The Tiger and the name.
The birth of the Shotokan symbol.
Shotokan Karate was founded by an Okinawan school teacher named Gichin Funakoshi, but it took its first breath of life in Japan. The first dojo of his own that he opened was in Zoshigaya, Toshima Ward, in the Spring of 1936.
The name Shotokan however, came about as a result of events that took place in Master Funakoshi's youth. As a young man he would often walk into the hills, and the pine forests, where he would often listen to the sound of the pine trees rustling when the wind blew. In his book, Karate-do, My Way of Life he says, "to me the murmur was a kind of celestial music.
Today the name Shotokan Karate is recognized world wide. Along with its name our style is also identified by a symbol, a Tiger, surrounded by a circle. This design came about as the result of Master Funakoshi's meeting with the painter in Tokyo shortly after his arrival. His name was Hoan Kosugi, (1881 - 1964) in fact it was he who encouraged Master Funakoshi to write a reference book on the subject of karate-do. This ultimately led to his first book ever published on karate, "Ryukyu Kempo" it was published by Bukyosha, in 1922.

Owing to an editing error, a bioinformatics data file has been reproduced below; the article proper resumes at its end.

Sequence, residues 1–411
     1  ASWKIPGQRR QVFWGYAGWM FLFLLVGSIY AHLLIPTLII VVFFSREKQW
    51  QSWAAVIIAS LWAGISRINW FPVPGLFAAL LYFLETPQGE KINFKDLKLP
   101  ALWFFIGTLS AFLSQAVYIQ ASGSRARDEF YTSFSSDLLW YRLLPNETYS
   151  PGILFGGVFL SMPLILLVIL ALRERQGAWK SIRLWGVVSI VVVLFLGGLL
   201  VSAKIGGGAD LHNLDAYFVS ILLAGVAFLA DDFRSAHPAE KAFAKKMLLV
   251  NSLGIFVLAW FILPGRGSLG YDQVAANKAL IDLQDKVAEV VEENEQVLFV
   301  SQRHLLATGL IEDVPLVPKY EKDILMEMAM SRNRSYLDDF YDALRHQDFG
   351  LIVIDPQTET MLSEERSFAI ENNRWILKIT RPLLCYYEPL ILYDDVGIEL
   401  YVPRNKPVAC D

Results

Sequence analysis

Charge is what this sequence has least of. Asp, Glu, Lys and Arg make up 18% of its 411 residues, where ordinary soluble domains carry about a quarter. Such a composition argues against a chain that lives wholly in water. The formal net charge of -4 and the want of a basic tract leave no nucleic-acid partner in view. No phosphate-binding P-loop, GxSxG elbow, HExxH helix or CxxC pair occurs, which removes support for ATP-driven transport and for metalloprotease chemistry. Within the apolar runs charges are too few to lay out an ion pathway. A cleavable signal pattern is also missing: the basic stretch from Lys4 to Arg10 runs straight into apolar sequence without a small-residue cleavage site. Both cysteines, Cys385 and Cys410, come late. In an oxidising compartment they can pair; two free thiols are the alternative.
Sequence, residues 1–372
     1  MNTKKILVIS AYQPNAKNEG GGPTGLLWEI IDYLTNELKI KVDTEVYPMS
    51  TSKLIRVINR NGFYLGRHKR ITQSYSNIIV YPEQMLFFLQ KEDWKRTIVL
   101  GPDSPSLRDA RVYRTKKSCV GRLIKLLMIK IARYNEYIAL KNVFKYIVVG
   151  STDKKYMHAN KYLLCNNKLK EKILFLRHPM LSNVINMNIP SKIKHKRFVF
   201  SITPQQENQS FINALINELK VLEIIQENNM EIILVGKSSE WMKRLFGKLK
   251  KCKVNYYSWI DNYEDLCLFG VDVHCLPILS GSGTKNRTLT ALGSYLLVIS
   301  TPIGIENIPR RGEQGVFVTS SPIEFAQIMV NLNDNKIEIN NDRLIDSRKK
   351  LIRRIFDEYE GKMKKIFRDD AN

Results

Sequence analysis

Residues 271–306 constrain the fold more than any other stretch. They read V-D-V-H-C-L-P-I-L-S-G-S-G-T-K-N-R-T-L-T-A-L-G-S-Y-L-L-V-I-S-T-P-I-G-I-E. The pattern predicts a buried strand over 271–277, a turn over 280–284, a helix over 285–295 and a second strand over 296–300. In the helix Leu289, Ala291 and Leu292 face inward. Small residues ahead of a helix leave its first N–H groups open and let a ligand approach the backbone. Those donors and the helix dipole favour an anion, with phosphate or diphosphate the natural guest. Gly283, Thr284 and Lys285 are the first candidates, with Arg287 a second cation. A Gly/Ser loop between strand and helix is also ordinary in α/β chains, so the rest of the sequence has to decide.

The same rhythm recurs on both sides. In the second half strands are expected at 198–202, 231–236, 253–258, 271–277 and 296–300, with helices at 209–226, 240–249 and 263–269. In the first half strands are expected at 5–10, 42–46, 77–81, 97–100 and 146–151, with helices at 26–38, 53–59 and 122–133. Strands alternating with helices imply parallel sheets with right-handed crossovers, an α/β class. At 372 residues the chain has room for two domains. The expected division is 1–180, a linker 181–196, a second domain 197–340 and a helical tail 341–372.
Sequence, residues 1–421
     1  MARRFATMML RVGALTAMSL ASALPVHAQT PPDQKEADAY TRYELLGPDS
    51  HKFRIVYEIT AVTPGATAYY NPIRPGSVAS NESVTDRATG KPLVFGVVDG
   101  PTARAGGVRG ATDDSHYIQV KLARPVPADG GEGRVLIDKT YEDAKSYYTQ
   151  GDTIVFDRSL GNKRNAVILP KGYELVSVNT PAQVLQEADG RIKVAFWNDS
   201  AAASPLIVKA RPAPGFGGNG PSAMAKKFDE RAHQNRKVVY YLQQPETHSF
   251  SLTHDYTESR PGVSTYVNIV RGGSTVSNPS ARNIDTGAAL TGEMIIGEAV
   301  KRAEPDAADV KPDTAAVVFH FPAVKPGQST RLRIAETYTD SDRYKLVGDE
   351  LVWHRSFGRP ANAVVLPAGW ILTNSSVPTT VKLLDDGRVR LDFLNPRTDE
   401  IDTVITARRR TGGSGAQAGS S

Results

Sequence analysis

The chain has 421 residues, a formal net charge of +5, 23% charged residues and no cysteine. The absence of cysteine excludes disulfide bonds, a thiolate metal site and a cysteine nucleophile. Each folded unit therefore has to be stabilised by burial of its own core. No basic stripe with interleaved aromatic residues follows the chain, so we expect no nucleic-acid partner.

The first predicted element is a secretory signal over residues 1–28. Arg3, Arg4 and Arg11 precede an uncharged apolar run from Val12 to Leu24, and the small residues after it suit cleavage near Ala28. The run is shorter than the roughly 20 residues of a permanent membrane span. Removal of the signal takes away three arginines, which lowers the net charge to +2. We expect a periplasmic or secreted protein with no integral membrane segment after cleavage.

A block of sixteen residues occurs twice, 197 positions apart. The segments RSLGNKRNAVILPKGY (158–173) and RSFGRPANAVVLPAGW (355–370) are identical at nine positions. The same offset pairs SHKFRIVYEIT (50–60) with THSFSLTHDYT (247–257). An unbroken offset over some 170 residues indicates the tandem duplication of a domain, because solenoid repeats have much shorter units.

The irregular appearance of the circle around the Tiger suggests that Hoan Kosugi drew it free hand, and with one continuous stroke of his brush. As for the kanji found in the upper right hand corner, it is Hoan Kosugi's name. But why was the tiger selected if tigers themselves do not exist in Japan? While there are several theories there is a likely answer. In Japan a book like the one that Gichin Funakoshi had published in 1922 would be known as a, Tora no maki, or Tiger scroll.
Today regardless of how each of them came into being, both the name Shotokan, and Hoan Kosugi's Tiger, are symbolic of the most popular style of karate in the world.
Remember: "The great virtues of karate are prudence, and humility."